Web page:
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CD REVIEW: Red Shepherd - Blue Skies
By Chip Withrow - 05/18/2009 - 06:53 PM EDT

Artist: Band: Red Shepherd
Album: Blue Skies
Genre: Folk/Rock/Power Pop
Sounds Like: Gin Blossoms, U2, Coldplay, touch of Beatles
Production/Musicianship Grade: 10/10
Commercial Value: 9/10
Overall Talent Level: 9/10
Songwriting Skills: 9/10
Performance Skill: 9/10
Best Songs: What Is Wrong, Made For Me, Crush, Glow
CD Review: Tomorrow, I am introducing a lesson on writing reviews and opinion pieces to my high school journalism students, so I figured I would write this today to share with them.

Nashville’s Red Shepherd crafts vibrant and dramatic folk rock, brainy yet hook-filled. With a clever and compelling twist, Blue Skies opens with a guitar-drenched instrumental that fades into the almost reggaefied, thumping “What Is Wrong.” Following that fist-pumping salvo is the introspective, shimmering title track – the layers of guitars ring nicely.

The band boasts spiraling guitars and harmonies built upon an insistently propulsive rhythm section. Songs like “Undone” and “Made For Me” bridge acoustic strumming and arena-worthy theatrics. “Made For Me” is particularly awesome – clever, kinda goofy lyrics, Rett Wood’s swooping bass, and Matt Fox’s crystalline, incisive lead guitar.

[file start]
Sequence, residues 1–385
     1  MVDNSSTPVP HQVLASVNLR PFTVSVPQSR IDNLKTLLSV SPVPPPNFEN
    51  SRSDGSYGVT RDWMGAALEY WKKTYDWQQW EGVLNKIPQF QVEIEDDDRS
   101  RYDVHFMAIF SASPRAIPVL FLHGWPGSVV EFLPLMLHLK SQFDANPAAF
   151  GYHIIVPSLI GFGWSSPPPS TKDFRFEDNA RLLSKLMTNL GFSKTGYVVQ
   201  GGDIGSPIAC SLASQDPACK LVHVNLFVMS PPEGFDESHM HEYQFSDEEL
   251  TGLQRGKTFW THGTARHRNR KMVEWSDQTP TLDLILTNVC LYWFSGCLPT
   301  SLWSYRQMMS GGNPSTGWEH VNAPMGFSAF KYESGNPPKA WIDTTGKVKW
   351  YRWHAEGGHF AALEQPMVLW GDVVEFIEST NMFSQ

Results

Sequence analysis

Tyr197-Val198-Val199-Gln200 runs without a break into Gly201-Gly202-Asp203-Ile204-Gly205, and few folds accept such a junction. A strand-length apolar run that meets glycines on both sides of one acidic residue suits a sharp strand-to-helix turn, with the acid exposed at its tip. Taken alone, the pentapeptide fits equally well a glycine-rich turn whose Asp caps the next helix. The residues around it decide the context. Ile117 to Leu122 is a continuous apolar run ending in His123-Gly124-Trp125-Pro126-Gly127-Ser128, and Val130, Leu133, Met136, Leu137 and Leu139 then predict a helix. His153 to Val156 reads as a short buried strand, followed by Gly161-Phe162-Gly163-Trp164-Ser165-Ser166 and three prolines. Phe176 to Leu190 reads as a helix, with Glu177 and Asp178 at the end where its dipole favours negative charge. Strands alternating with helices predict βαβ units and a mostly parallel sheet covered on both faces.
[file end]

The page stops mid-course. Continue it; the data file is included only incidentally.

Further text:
Hearing “Crush” on the way to work one morning gave me an oh-yeah jump start. It’s driving power pop, a chorale of harmonies, sort of Beatle-y, and Aaron Johnston just nails his lead vocal.

“Sunrise America” and “Know It” are a couple of cool curveballs – “Sunrise” is built upon big piano chords, and “Know It” is lilting, with charmingly quirky lyrics. This album is full of standout guitar solos, and “Know It” has a couple of them … but they are too short!

“Let Me Have It” is a nod to the band’s acoustic roots, reminding me in both sound and mood of the Bob Dylan classic “Don’t Think Twice, It’s Alright.” The next tune, “Glow,” is a magnificent blast of folk-pop with a bit of twang.

“For the Best” is ethereal but edgy – dense guitars and vocals atop torrents of drums. And the closing “Grey” is a delightfully simple juxtaposition, wistful and hopeful, front-porch intimate.

I get the feeling my students will dig Blue Skies, too, so I’m glad I get to share this review with them. Now, I’m going to listen to this inspiring set again as I try to cobble together a sample opinion piece.

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